You are here:

Role of Video Lectures in A Flipped Classroom: How Is Knowledge Applied in Collaborative Learning?
PROCEEDING

, Tokyo Metropolitan University, Japan ; , Tokyo Institute of Technology, Japan ; , , The University of Tokyo, Japan

EdMedia + Innovate Learning, in Amsterdam, Netherlands Publisher: Association for the Advancement of Computing in Education (AACE), Waynesville, NC

Abstract

Many studies on flipped classroom suggest positive effects from watching massive open online course (MOOC) videos before class; however, little research exists discussing the relationship between video content, classroom activities, and learning outcomes. This study investigates the process of how MOOC video knowledge is applied in a flipped classroom for higher order learning. We conducted questionnaire surveys and interviews with first and second year students taking an intensive course, “Visualizing Tokyo,” taught along with the edX course, “Visualizing Postwar Tokyo.” The results showed that the students gained a historical and geopolitical awareness of Tokyo through viewing the lecture video during pre-learning. The findings of the influence of online pre-learning on collaborative face-to-face learning can be summarized into three points as follows: a) By watching the lecture video in advance, the attitudes toward the content were formed, and being aware of new aspects and having doubts about the urban city were facilitated, b) Reviewing the lecture video in the theoretical section helped deepen the understanding of the content, as well as allowed focus on video production skills, and c) In creating visual narratives in the practical section, although direct references to the lecture video were few, those reflected focused on places, different cultures, and people’s lifestyles, as well as on the structures of changes, minor aspects, and stories about location and people.

Citation

Fushikida, W., Oura, H., Yamamoto, R. & Yamauchi, Y. (2018). Role of Video Lectures in A Flipped Classroom: How Is Knowledge Applied in Collaborative Learning?. In T. Bastiaens, J. Van Braak, M. Brown, L. Cantoni, M. Castro, R. Christensen, G. Davidson-Shivers, K. DePryck, M. Ebner, M. Fominykh, C. Fulford, S. Hatzipanagos, G. Knezek, K. Kreijns, G. Marks, E. Sointu, E. Korsgaard Sorensen, J. Viteli, J. Voogt, P. Weber, E. Weippl & O. Zawacki-Richter (Eds.), Proceedings of EdMedia: World Conference on Educational Media and Technology (pp. 985-997). Amsterdam, Netherlands: Association for the Advancement of Computing in Education (AACE). Retrieved December 17, 2018 from .

View References & Citations Map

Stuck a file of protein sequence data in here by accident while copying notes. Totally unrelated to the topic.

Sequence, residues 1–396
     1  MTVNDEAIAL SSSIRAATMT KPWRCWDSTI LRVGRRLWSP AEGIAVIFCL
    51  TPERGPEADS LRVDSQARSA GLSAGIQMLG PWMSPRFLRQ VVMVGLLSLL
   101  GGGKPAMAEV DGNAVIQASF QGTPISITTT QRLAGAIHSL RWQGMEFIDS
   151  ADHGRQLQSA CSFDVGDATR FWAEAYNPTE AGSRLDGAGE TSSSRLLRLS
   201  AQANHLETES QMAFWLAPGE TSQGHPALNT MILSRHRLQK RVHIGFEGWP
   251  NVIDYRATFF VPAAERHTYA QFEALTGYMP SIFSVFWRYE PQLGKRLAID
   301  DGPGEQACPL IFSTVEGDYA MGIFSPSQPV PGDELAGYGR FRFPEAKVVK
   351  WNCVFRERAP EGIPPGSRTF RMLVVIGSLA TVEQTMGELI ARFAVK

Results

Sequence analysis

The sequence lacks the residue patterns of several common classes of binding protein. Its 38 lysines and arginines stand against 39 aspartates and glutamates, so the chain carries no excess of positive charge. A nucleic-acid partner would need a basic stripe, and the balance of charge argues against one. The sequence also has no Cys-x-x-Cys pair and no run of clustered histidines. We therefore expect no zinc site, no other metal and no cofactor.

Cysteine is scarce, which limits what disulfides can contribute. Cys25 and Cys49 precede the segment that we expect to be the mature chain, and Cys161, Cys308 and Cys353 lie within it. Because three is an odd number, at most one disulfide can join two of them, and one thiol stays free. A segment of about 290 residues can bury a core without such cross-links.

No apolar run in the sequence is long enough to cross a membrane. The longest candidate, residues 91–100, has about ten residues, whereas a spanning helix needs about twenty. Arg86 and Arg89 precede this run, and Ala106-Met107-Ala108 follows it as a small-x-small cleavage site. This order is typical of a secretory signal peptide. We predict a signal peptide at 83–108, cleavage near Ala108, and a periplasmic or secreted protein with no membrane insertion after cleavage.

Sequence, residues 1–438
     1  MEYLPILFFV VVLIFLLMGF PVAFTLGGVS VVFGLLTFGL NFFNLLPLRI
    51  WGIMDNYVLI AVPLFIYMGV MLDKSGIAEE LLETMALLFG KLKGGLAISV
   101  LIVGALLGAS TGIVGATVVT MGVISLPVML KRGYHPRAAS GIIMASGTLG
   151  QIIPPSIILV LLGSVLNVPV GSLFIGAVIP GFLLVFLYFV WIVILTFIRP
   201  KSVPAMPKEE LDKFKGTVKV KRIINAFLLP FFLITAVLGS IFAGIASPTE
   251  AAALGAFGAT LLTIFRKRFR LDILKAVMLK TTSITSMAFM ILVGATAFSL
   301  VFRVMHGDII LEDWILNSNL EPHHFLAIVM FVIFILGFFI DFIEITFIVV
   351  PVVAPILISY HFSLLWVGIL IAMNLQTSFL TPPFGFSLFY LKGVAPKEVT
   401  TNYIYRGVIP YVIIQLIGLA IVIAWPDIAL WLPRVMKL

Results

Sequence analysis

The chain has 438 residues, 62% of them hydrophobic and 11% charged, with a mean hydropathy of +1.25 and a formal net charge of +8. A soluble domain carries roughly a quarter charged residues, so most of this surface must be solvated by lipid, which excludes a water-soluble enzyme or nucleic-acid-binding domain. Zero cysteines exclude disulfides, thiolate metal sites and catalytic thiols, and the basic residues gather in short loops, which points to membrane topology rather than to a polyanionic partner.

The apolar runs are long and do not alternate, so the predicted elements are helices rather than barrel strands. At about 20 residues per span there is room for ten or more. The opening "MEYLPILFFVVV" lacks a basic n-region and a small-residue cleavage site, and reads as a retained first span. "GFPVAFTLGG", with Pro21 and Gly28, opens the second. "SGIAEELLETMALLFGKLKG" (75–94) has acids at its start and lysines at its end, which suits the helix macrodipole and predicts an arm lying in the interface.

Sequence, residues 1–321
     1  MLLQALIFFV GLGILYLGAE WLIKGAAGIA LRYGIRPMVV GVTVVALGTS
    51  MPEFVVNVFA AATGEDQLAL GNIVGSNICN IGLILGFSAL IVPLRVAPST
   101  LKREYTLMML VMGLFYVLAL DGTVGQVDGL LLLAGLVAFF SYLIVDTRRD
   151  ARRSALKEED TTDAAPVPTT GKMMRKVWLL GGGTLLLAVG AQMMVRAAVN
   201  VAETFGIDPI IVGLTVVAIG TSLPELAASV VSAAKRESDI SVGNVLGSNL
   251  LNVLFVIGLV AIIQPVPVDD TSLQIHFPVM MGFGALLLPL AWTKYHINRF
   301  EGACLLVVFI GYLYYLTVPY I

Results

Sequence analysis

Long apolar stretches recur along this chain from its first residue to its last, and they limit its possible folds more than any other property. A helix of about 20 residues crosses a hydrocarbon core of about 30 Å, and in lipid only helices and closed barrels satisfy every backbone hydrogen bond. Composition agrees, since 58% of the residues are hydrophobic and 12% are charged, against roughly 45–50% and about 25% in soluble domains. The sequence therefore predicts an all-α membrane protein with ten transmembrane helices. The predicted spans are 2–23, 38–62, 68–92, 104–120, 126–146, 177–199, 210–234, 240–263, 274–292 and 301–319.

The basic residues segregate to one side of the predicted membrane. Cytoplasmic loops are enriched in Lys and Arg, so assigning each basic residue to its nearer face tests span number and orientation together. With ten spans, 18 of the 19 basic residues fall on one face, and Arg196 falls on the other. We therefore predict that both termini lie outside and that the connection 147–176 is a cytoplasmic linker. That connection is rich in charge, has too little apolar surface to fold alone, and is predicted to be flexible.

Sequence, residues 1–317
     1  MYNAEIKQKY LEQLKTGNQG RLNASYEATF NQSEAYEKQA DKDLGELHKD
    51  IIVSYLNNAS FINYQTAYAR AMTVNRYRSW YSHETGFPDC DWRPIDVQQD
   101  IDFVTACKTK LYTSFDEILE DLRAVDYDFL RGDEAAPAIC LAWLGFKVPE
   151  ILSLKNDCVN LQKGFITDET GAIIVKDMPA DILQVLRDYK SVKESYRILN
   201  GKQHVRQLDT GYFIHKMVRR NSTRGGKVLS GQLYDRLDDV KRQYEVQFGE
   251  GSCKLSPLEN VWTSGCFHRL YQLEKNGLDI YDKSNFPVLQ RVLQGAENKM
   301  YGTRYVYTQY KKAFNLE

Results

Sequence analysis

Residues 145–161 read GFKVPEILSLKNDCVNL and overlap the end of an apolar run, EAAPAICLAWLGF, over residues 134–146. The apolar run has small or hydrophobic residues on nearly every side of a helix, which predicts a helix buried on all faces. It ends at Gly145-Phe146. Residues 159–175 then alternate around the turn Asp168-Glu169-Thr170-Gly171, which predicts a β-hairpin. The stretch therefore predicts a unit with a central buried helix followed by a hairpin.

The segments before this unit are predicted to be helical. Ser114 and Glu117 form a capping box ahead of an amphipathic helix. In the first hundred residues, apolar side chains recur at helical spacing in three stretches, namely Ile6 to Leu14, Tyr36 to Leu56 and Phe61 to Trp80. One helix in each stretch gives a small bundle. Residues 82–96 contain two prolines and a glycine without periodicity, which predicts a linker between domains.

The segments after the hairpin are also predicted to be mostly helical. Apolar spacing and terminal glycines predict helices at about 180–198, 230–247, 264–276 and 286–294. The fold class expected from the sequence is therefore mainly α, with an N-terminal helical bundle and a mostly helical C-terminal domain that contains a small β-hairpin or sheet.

References

  1. Bergmann, J., & Sams, A. (2014). Flipped Learning: Gateway to Student Engagement. Eugene. OR: International Society for Technology in Education.
  2. Bishop, L.J., & Verleger, A.M. (2013). The flipped classroom: a survey of the research. 120th ASEE Annual Conference& Exposition. American Society for Engineering Education, Atlanta.-996-EdMedia+ Innovate Learning 2018-Amsterdam, Netherlands, June 25-29, 2018
  3. Enfield, L. (2013). Looking at the impact of the flipped classroom model of instruction on undergraduate multimedia students at CSUN. TechTrends, 57 (6), 14-27.
  4. Johnson, W.D., Johnson, T.R., & Smith, A.K. (1991). Active Learning: Cooperation in the College Classroom. Minnesota: Interaction Book Company.
  5. Kim, K.M., Kim, M.S., Khera, O., & Getman, J. (2014). The experiences of three flipped classrooms in an urban university: an exploration of design principles. Internet and Higher Education, 22, 37-50.
  6. O'Flaherty, J., & Phillips, C. (2015). The use of flipped classrooms in higher education: a scoping review. Internet and Higher Education, 25, 85-95.
  7. Strayer, F.J. (2012). How learning in an inverted classroom influences cooperation, innovation and task orientation. Learning Environments Research, 15 (2), 171-193.
  8. Wong, K., & Chu, W.K.D. (2014). Is the flipped classroom model effective in the perspectives of students' perceptions and benefits? Lecture Notes in Computer Science, 8595, 93-104.
  9. Yamauchi, Y., & Oura, H. (2014). Introduction. Bergmann, J., & Sams, A. (author) Uehara, Y. (translation) Flip Your Classroom: Reach Every Student in Every Class EveryDay. Tokyo: Odyssey Communications Inc, 3-12.

These references have been extracted automatically and may have some errors. If you see a mistake in the references above, please contact info@learntechlib.org.